Hmmm - benighted systems without arts teaching: intensity and length of daylight varies hugely across our institutions. Wasn't teaching first instated through Charlemagne's cathedral schools in order to build an educated class capable of running his empire? Music featured early on, perhaps as a way of literally drumming good measure (his specialty) into people, along with mathematics and astronomy (and of course interpretation of THE sacred texts), but it's interesting to see how regional and cultural variants were paired. Strengths in natural sciences coming through Islamic traditions via Spain etc. Kind of harks back to Simon's post (was this here or on PIRATE?) about building up complementarity and synergies in arts research across our respective structures.
Must ignore the "time for research" question. Shouldn't be doing email in this, my only research time - i.e. when officially off campus. On campus, my job consists of generating the means whereby others can do their research; this is confusing given that I'm employed as a researcher. Universities seem to be a joyful mix of cruisers and sloggers. But then again, so are most places in my experience...
From: Curating digital art - www.crumbweb.org [mailto:[log in to unmask]] On Behalf Of Myron Turner
Sent: 05 May 2008 15:08
To: [log in to unmask]
Subject: Re: [NEW-MEDIA-CURATING] Exclusivity and Heresy | Alternative academic criteria
he system of "publish or perish" in the U.S. goes back at least to the early 50's. It's my impression, though, that at that time in England academia was rather clubby and that publication was not required for membership. When I came to teach in Canada in the mid 60's, we had what the University considered was a British system, no tenure, but a person would be hired "without term" after a year's employment. Now that may not have been an accurate reflection of what went on in England. But it did mean that the teaching faculty had a great deal of latitude. The university exercised control through promotion and salaries; teaching and committee responsibilities were the same for everyone. I had the impression that things were in fact pretty similar in the UK. In fact, the system seemed pretty much the reverse of what Simon describes today.
Living in London in 1975, I met with someone in my field who was a very productive scholar, but she seemed overwhelmed by University responsibilities and had to squeeze in time for her research.
The creative arts have always been a difficult fit for the university.
Simon's account of the "point" system (in a previous post) describes something that would be laughable if it weren't true. It sounds like a last ditch effort to interpose a simulacrum of objectivity between art and the requirements of the academic institutions. Even with refereed journals, we know, there is subjectivity of judgment, but with art subjectivity is the name of the game. And from this perspective the point system is ironically as good as any for institutionalizing the practice of art. For, technique apart, what does "peer review" mean in art, if not one sensibility caroming off another? I have a friend whose self-esteem never survived his failure to be promoted to full professor on the basis of his fiction. He was turned down by his "peers", all of whom were part of a close group interested in the same things. Had we had a point system, perhaps this man would have been successful. Who knows?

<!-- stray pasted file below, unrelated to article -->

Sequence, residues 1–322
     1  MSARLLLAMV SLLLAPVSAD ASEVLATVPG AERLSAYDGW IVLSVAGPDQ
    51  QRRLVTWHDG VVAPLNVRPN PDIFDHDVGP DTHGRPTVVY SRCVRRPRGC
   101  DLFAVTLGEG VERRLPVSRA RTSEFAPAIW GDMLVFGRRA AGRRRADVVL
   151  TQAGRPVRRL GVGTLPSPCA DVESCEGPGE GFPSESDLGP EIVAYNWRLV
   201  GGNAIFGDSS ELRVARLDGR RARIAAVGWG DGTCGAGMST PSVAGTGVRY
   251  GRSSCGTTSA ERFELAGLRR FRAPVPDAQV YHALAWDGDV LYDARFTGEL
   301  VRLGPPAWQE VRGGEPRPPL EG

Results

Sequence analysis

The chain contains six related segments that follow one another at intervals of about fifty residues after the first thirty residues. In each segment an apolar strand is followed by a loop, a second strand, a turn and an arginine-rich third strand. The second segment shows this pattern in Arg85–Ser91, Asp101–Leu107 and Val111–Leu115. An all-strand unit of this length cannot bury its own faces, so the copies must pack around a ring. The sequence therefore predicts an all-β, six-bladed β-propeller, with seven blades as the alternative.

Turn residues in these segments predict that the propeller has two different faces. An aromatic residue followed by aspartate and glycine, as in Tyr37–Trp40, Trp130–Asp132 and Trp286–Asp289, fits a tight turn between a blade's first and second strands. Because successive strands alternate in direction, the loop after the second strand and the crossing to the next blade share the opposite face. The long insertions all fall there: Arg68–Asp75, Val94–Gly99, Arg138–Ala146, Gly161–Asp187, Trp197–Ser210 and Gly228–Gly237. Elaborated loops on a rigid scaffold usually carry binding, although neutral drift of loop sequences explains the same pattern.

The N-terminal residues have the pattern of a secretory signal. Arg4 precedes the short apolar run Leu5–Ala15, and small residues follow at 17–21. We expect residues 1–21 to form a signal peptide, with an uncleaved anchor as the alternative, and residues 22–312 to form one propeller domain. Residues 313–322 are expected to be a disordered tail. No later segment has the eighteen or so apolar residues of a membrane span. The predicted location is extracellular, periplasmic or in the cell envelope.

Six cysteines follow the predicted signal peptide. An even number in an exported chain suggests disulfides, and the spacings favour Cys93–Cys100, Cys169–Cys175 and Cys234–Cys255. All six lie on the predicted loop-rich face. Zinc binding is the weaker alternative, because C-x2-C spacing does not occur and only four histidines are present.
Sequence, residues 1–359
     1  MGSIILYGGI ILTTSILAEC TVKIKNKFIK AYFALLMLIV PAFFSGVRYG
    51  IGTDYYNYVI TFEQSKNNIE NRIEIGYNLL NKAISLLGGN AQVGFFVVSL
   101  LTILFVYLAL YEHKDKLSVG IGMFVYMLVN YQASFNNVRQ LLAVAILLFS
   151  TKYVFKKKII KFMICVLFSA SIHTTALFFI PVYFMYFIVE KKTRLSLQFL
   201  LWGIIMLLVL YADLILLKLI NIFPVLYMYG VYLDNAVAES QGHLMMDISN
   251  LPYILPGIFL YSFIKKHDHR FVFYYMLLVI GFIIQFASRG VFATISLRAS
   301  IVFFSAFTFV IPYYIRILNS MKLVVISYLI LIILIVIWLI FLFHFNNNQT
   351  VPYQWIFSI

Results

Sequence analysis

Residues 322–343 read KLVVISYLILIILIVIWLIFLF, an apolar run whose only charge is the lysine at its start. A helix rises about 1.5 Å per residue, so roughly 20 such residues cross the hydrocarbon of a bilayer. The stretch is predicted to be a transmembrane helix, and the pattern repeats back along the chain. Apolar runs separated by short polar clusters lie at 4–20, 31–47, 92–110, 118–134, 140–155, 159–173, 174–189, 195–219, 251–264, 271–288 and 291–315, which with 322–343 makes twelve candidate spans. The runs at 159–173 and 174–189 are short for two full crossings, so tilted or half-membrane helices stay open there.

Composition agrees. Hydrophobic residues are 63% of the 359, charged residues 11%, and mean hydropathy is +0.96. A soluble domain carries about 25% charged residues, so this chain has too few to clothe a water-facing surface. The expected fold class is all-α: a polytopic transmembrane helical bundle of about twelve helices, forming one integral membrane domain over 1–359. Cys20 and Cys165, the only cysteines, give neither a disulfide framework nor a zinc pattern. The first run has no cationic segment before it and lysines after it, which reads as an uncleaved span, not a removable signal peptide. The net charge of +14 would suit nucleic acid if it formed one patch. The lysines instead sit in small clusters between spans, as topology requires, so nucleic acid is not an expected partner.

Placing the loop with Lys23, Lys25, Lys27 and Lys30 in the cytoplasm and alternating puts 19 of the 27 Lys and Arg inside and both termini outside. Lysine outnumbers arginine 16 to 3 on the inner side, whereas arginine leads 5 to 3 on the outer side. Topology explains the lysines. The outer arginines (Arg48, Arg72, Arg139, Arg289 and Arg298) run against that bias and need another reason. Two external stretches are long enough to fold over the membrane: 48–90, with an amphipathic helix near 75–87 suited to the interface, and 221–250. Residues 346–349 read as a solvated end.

Despite the difficulty of fitting the arts into a university paradigm, I cannot imagine a university where they were not taught. Or, I should say, to imagine such a university, would be to imagine a landscape barren and benighted.
Simon Biggs wrote:
> In the UK we have a word for it...Utilitarianism. Jonathon Bentham
> advocated this ethical system in the 19th century. He also founded
> University College London, one of the key institutions for research in
> the UK, as well as the foundations of the welfare state, the penal
> system and aspects of contemporary governance. Bentham was, in some
> respects, a pioneer of extreme patrician socialism.
> Much of the UK system derives from his ideas and in this respect there
> is nothing new about what we see happening. Academia in the UK has
> always been typified by this approach. That we see the creative arts
> subject to the same logic is not surprising. If you seek to supš at
> the same table as others you will be subject to the same obligations.
> Put another way, there are always strings attached.
> This Utilitarian approach to education, industry and social
> development is possibly the key distinction between the Anglo-American
> and European models of knowledge and its production/dissemination. The
> Bologna process is largely based on this Anglo-American model so it
> will be interesting to see what happens as it collides with European
> tradition. Who knows what the outcome might be?